Recent Developments in Translatology
Investigating the Nature of the Semi-NaturalInterpretation: A Case Study - Pan Jun and Wang Honghua 77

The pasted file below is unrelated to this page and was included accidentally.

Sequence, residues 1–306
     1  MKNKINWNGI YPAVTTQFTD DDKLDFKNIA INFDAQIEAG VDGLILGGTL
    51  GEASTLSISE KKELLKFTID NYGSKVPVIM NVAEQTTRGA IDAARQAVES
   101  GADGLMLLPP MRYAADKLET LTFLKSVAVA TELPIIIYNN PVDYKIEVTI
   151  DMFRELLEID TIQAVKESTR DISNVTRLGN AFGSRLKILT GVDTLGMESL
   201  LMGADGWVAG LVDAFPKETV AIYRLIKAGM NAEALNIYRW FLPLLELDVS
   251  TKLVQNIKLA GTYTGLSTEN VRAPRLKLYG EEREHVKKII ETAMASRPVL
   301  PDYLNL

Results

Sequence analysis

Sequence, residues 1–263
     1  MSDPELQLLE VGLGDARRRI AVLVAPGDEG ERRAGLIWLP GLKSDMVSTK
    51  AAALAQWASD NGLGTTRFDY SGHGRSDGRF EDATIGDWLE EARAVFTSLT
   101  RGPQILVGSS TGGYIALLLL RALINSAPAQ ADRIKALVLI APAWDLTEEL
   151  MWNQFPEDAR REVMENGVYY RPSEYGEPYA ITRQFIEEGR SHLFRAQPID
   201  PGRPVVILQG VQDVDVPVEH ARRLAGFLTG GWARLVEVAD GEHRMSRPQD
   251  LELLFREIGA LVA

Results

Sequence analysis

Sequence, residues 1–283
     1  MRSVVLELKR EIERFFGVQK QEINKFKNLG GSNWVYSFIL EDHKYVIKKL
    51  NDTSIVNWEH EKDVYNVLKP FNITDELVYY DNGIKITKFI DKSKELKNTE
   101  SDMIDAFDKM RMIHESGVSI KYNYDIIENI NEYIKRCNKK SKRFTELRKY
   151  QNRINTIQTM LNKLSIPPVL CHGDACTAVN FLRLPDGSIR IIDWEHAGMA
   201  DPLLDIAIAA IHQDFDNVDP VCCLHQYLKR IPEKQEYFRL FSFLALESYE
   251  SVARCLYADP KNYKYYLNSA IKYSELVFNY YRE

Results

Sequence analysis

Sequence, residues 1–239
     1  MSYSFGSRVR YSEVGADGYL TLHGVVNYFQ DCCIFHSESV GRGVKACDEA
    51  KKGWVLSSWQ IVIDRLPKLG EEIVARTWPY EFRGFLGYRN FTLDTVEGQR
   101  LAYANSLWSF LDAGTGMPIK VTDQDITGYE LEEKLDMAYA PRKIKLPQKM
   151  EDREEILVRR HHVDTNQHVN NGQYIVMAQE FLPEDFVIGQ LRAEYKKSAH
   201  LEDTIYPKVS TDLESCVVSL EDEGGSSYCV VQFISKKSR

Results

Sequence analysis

Pan Jun, City University of Hong Kong Wang Honghua, Jiangsu University Investigating the Nature of the Semi-Natural Interpretation: A Case Study The field of interpreting training is about to be shaken by a see-saw battle. The heterodoxy of “non-professional” interpreting training for language learners is starting to gain some support (e.g., Angelelli, 2009; Angelelli et al., 2000) against the prevailing orthodoxy of “pro- fessional” interpreter training, as the very existence and relevance of the former has proved to be non-negligible (see Niska, 2005; Liu, 2002; Pan & Yan, in preparation). A brief review of the literature shows that research on transla- tion (a next of kin subject to interpretation) by language learners (Pöchhacker, 2004: 9; Pöchhacker & Shlesinger, 2002: 4) has been very useful for understanding the nature of translation (Löscher, 1992). Studies on the interpreting output of language learners, how- ever, have been long discarded in the literature on interpreter train- ing (Zannirato, 2008: 20), although they can be very constructive, as they can be used for norm-setting purposes for both syllabus design and classroom assessment. The current study aims to fill in such a gap. Taking Loescher (1992) as a starting point and focusing on the “Semi-Natural Inter- pretation” by language learners, a notion developed on the basis of Harris’ (1976) definition of NT (Natural Translation), the present study approaches the nature of “Semi-Natural Interpretation” from an empirical perspective, with data gathered from the case study of an English learner involved in a preliminary interpreter training pro-...
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